Given the numerous randomized clinical trials (RCTs) of antidopaminergic agents for schizophrenia, meta-analyses can help compare their efficacy and safety/tolerability. Because many medications have never been directly compared, network meta-analyses (NMAs) using direct and indirect effect size estimates via common comparators have been introduced. Because “transitivity” (eg, similar populations, treatment, and measurement approaches) is required, changes in patient, illness, treatment, trial design/conduct characteristics, and increasing placebo effects in schizophrenia trials1 challenge the underlying assumptions of NMAs.
Despite these limitations, NMAs can summarize and critically assess the RCT evidence base. The most updated NMA of the short-term efficacy of antipsychotics for schizophrenia has recently been published.2 Compared with the prior NMA of the same group on the same topic,3 the number of oral antipsychotics used in monotherapy increased from 15 to 32, RCTs from 212 to 402, participants from 43 049 to 53 463, and outcomes from 7 to 17 (efficacy = 8, safety/tolerability = 9). The meta-analytic approach followed the highest standards. What does this NMA2 add? The median effect size across antipsychotics vs placebo remained almost identical (−0.422 vs −0.443), similar to effect sizes for drugs used in general medicine. While this most recent NMA adds more detailed information, the overall conclusions remain similar: efficacy differences were predominantly nonsignificant, whereas adverse effect differences were often statistically significant and clinically meaningful, leading Huhn et al,2 as well as the authors of this article, to propose a “minimizing harm” approach first.
For overall symptom reduction, clozapine, amisulpride, zotepine, olanzapine, and risperidone were superior to many other antipsychotics. For positive symptoms, amisulpride, risperidone, olanzapine, paliperidone, and haloperidol were significantly more effective than many other antipsychotics. Conversely, zotepine, olanzapine, and sertindole had greater weight gain than most drugs, while for agents with sufficient data, ziprasidone, lurasidone, aripiprazole, brexpiprazole, and cariprazine were not associated with significantly greater weight gain than placebo. For antiparkinsonian medication use, no differences from placebo were found for clozapine, sertindole, olanzapine, quetiapine, asenapine, aripiprazole, amisulpride, iloperidone, and brexpiprazole. Similarly, for akathisia, the following antipsychotics did not differ from placebo: clozapine, perazine, sertindole, iloperidone, olanzapine, quetiapine, brexpiprazole, zotepine, and paliperidone. For prolactin levels, paliperidone, risperidone, amisulpride, haloperidol, sertindole, lurasidone, asenapine, and olanzapine were associated with significantly elevated prolactin levels, while no difference from placebo was found for clozapine, zotepine, aripiprazole, cariprazine, quetiapine, brexpiprazole, ziprasidone, iloperidone, and chlorpromazine.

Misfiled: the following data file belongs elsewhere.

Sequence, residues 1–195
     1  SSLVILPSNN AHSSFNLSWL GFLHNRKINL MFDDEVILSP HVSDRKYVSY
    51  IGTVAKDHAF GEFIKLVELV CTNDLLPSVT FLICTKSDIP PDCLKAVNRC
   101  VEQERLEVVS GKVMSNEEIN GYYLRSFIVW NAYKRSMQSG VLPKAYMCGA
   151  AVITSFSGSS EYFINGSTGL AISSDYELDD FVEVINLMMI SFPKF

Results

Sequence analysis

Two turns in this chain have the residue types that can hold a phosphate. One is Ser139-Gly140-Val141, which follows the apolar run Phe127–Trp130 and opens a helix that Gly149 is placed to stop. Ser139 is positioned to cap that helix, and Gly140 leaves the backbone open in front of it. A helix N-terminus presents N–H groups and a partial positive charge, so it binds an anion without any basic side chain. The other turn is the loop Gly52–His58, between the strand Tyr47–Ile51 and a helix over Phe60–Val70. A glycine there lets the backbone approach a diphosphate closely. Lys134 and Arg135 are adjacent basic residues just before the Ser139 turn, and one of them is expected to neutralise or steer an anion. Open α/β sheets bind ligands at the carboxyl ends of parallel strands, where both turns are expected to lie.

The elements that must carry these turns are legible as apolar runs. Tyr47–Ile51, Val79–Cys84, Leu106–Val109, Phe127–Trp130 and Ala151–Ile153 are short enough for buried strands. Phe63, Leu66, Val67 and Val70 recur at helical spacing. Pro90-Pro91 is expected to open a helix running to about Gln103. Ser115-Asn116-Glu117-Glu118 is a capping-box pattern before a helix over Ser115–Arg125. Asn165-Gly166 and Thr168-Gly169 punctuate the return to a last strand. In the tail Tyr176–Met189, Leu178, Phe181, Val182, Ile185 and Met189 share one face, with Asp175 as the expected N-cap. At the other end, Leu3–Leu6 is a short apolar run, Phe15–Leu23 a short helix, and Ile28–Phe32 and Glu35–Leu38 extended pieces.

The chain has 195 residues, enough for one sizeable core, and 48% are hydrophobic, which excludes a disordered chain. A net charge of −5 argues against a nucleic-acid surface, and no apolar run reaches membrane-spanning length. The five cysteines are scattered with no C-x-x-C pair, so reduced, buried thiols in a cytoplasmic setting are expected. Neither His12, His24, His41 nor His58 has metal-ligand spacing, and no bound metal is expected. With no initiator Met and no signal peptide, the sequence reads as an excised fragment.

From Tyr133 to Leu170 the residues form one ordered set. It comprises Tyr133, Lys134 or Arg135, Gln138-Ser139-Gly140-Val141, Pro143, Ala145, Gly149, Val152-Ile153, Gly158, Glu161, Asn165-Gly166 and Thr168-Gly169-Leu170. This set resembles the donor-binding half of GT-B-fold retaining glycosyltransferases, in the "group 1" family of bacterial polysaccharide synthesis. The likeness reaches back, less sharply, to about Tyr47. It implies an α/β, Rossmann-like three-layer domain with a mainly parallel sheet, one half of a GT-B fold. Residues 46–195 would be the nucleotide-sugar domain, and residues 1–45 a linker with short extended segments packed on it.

Reassuringly, NMA results were generally consistent with pairwise meta-analytic comparisons in which pooled groups were strictly randomized.2 Notably, when reported separately, more patients dropped out for inefficacy (40%) vs adverse events (20%), underscoring the tolerability, but suboptimal efficacy, of available antipsychotics. Most patients consenting to participate in these RCTs had illness for more than a decade and might overrepresent poor/partial responders and/or tolerability issues. Despite the strengths of the NMA,2 caveats remain. Rankings cannot be extrapolated to pediatric, elderly, or first-episode patients. In first-episode patients, any antipsychotic seems efficacious,4 although second-generation antipsychotics may have small advantages over first-generation antipsychotics for negative symptoms, depression, and cognition.5 Participants with acute illness were not selected for the study if they had predominant negative or depressive symptoms; therefore, these outcomes must be interpreted cautiously, as improvement in negative and depressive symptoms can be secondary to positive symptom reductions. Because trials were short (3-13 weeks), functionality/quality of life rankings are tentative. The results were generally consistent across subgroup/sensitivity analyses.2 However, it is puzzling that although placebo response increased by 12.3 points vs 1.2 points for antipsychotics over 45 years,1 correcting the analyses for placebo effects did not alter the rankings for overall symptom improvement. This result raises questions, including whether systematic biases can sufficiently be adjusted statistically. Furthermore, the authors’ confidence in the evidence was often rated as low.2
The NMA on the short-term efficacy of antipsychotics for treating schizophrenia provides 2 overarching conclusions, ie, that for efficacy, the observed differences were mostly “gradual” and statistically nonsignificant, whereas for adverse effects differences were often larger and statistically significant. Nevertheless, with few exceptions, clozapine, amisulpride, zotepine, olanzapine, and risperidone were significantly more efficacious for the primary outcome of overall symptom improvement than other antipsychotics. However, these same medications were also often those with the largest effect sizes regarding relevant adverse effects, highlighting the importance of individualized risk:benefit assessments when choosing antipsychotics.